VM::EC2::Security::Credentials -- Temporary security credentials for EC2
# under your account
$ec2 = VM::EC2->new(...); # as usual
my $policy = VM::EC2::Security::Policy->new;
my $token = $ec2->get_federation_token(-name => 'TemporaryUser',
-duration => 60*60*3, # 3 hrs, as seconds
-policy => $policy);
my $serialized = $token->serialize;
# get the serialized token to the temporary user
# under the temporary user's account
my $serialized = get_data_somehow();
# create a copy of the token from its serialized form
my $token = VM::EC2::Security::Credentials->new_from_serialized($serialized);
# create a copy of the token from its JSON representation (e.g. as returned
# from instance metadata of an instance that is assigned an IAM role
my $token = VM::EC2::Security::Credentials->new_from_json($json);
# open a new EC2 connection with this token. User will be
# able to run all the methods specified in the policy.
my $ec2 = VM::EC2->new(-security_token => $token);
# convenience routine; will return a VM::EC2 object authorized
# to use the current token
my $ec2 = $token->new_ec2;
The VM::EC2::Security::Credentials object is returned by the
method, which in turn is
generated by calls to VM::EC2-> get_federation_token()
. The Credentials object contains
time-limited EC2 authentication information, including access key ID, secret
access key, and a temporary authentication session token.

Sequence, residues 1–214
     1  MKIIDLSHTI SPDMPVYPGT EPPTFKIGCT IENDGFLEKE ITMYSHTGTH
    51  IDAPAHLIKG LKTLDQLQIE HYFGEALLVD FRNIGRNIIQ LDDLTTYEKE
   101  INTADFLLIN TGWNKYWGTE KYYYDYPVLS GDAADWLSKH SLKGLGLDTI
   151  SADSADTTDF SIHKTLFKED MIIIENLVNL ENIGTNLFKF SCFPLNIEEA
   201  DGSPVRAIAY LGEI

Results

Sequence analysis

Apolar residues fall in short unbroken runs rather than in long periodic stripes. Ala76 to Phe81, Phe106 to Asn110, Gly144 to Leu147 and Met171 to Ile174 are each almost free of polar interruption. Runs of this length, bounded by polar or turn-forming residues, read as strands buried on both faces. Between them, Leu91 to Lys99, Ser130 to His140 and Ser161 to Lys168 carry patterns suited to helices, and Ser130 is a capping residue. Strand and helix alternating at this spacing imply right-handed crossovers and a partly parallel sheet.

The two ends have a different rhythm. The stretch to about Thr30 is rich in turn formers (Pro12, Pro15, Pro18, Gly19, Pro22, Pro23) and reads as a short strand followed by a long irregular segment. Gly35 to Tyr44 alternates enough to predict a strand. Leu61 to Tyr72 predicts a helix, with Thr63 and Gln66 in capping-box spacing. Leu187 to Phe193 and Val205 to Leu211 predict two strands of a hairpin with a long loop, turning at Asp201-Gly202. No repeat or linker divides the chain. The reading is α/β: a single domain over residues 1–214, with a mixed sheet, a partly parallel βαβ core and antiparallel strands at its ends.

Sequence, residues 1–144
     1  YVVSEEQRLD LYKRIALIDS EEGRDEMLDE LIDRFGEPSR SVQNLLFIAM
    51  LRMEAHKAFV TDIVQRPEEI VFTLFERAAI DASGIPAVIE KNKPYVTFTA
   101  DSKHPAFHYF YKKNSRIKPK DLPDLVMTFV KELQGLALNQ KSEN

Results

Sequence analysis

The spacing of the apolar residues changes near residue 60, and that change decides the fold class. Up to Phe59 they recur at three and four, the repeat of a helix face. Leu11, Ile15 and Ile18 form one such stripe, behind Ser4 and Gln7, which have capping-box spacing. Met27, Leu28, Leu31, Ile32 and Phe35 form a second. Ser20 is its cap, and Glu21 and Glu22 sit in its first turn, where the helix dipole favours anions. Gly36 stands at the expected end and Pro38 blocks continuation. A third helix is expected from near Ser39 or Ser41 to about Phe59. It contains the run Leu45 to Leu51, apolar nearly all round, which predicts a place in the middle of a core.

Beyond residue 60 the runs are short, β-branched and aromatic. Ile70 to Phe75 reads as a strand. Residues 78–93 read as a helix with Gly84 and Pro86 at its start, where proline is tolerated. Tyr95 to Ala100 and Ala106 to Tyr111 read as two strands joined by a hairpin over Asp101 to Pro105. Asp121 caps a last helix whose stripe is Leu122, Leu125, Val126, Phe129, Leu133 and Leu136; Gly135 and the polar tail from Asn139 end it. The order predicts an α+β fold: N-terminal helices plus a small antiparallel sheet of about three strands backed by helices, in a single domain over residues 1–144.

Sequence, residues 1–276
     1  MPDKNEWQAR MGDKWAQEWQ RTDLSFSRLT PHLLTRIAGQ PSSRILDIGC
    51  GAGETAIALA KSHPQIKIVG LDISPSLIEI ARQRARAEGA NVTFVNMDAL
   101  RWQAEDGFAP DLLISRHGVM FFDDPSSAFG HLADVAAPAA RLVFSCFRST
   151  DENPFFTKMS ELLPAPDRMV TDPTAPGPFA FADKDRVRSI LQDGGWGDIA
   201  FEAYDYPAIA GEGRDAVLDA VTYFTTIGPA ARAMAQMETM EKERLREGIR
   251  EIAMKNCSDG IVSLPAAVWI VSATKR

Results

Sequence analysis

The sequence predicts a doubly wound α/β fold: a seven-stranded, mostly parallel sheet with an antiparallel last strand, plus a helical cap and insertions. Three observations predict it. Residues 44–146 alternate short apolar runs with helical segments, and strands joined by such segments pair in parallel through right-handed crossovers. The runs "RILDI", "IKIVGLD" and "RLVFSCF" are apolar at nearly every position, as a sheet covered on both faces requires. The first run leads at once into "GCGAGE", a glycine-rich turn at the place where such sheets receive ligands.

A Credentials object can be passed to VM::EC2-> new()
-security_token parameter, in which case the -access_key and -secret_key
parameters can be omitted.
As Credentials typically need to be transmitted from a process being run by an
AWS account holder to a process being run by another user, the object provides
serialization methods that allow the object to be transmitted as a simple
accessKeyId() -- The temporary access key ID
secretAccessKey() -- The secret access key
sessionToken() -- The temporary security token, as a long
expiration() -- The expiration time of these credentials, as a
As in all VM::EC2 classes, mixedCase()
names may be used interchangeably.
These two methods allow you to serialize the credentials into a string suitable
for sending via SSL, S/MIME or another secure channel, and then reconstructing
the object at the other end. For sending the credentials to a non-perl
process, you can simply retrieve each individual field (access key, etc) and
send them individually.
Return a serialized form of the object as a base64-encoded string. Note that the
serialized form contains the secret access key and session token in
unencrypted, but very slightly obfuscated, form.
Given a previously-serialized Credentials object, unserialize it and return a
These are convenience methods.
Create a new VM::EC2 object which is authorized using the security token
contained in the credentials object. You may pass all the arguments, such as
-endpoint, that are accepted by VM::EC2-> new()
, but -access_key and
-secret_access_key will be ignored.
When used in a string context, this object will interpolate the
Lincoln Stein <firstname.lastname@example.org>.
Copyright (c) 2011 Ontario Institute for Cancer Research
This package and its accompanying libraries is free software; you can
redistribute it and/or modify it under the terms of the GPL (either version 1,
or at your option, any later version) or the Artistic License 2.0. Refer to
LICENSE for the full license text. In addition, please see DISCLAIMER.txt for
disclaimers of warranty.